As we slowly slip into fall and welcome cooler temperatures, I for one, cannot wait to break back out my favorite cooking tool - my dutch oven! It's been the longest standing (and biggest spend) on any one item in my kitchen, and for good reason. It's a tool that can be used on the stove top and in the oven. If you, like so many others got into bread making during quarantine, you may have picked one of these bad boys up. You'll be pleased to know this cooking device is also great for braises, stews, soups, and many one-pot meals. There are two main types of dutch ovens: enameled and cast iron, both are usually made of cast iron but one is coated in a layer of enamel. Below, you'll find some information on how to care for your dutch oven, whichever kind you have.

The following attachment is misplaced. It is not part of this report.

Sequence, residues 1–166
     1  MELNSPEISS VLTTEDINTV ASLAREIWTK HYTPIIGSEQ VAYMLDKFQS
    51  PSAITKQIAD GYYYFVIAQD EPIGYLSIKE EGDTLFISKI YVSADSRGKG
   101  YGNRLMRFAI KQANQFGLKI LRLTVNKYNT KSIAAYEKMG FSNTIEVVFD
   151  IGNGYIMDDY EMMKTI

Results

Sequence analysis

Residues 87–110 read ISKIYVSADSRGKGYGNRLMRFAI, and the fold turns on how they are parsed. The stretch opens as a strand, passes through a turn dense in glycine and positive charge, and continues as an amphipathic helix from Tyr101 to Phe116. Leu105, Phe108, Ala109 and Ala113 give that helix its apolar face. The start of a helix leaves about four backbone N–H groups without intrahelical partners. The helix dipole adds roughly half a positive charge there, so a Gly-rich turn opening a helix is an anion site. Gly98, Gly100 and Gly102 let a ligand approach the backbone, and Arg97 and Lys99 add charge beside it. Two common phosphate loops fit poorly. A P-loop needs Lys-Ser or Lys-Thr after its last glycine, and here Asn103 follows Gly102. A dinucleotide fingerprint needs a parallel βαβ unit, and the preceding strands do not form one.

If you have a cast-iron dutch oven, don't forget to season it like you would a cast iron skillet. As you continue to season it over the years, you will find this builds a non-stick surface that helps make it easier to clean! To clean, our best advice is to only use soap when absolutely necessary. For everyday cooking, simply use a spatula to get rid of stuck-on food pieces, and then wipe the pan clean with a cloth. Pro-tip: if you think you need soap, try salt first! Paired with hot water it can be a helpful cleaning agent. Remember to never soak a cast iron dutch oven, as this can lead to rust.
If by chance you have an enamel dutch oven (like me!) warm, soapy water and a nylon brush is one of the best methods for cleaning. Just make sure you allow the pot to cool first - this can help prevent thermal shock which could damage the enamel. When cooking, be sure to use wooden utensils to protect the enamel.
If you stick to the basics above, your dutch oven should stretch a very long, happy tenure in your kitchen.
Bread, Braises, Stews - oh my! The possibilities are limitless when it comes to dutch ovens, but see below for some of our favorite recipes to use them for.